However, in a phenomenon known as “adaptives deviation” or “adaptive drift,” your hard drive’s baseline operating conditions change. This change can be due to little things like the headstack wearing out over time or even things like the drive’s neodymium magnets losing 0.1% of their magnetic flux density over ten years. When the baseline conditions change, but the adaptives list remains the same, the drive is no longer properly calibrated.
In this situation, the drive’s components might still be “healthy,” but its performance has dipped below the threshold for a normal computer to read it. Special, fault-tolerant tools must be employed to access the drive and salvage its data. Since no two hard drives have the same calibrations, even replacing failed components cannot return a failed hard drive to perfect health.
A hard drive can be damaged by:
Physical Trauma (hard drive dropped, crushed, circuit board shorted, etc.)
Unsafe Environment (excessive heat/cold, fire/water damage, etc.)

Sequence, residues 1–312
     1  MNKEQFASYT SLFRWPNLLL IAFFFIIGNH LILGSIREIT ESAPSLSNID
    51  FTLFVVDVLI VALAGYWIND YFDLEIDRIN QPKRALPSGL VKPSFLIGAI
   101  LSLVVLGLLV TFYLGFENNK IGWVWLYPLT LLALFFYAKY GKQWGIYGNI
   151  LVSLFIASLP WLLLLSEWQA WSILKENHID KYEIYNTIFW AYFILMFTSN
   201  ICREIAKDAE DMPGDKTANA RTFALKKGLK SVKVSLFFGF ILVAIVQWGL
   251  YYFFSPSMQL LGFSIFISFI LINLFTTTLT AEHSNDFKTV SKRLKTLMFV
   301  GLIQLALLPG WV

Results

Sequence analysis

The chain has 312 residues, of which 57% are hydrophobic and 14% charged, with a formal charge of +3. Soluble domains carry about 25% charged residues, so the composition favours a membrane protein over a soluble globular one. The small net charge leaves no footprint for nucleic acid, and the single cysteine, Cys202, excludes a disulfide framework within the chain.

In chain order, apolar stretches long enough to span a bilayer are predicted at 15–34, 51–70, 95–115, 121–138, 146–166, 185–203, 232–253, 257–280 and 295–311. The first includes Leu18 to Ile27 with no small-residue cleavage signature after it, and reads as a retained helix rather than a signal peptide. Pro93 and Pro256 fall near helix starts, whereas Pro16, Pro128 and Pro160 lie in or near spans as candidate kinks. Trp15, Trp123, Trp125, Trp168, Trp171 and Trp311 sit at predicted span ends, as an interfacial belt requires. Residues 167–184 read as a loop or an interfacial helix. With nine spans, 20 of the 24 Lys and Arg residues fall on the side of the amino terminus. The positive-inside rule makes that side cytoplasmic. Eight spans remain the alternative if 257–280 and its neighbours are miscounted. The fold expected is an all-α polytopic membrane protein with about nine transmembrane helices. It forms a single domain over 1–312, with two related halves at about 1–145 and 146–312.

Data corruption (damage to filesystem or glitches in firmware)
Old age (bearings wearing out, degraded electrical components, etc.)
How can a hard drive be damaged?
The most dramatic instances of hard drive failure that spring to mind are the first three options. But it is old age that kills the most hard drives. As you use your hard drive over time, all of the components that come together to let you store and access your data slowly break down, just as the human body eventually does. In other words, near the end of your hard drive’s lifespan, it starts needing a cane to walk. Most hard drives fail within a ten-year period unless they are used sparingly.
What happens if your hard drive fails?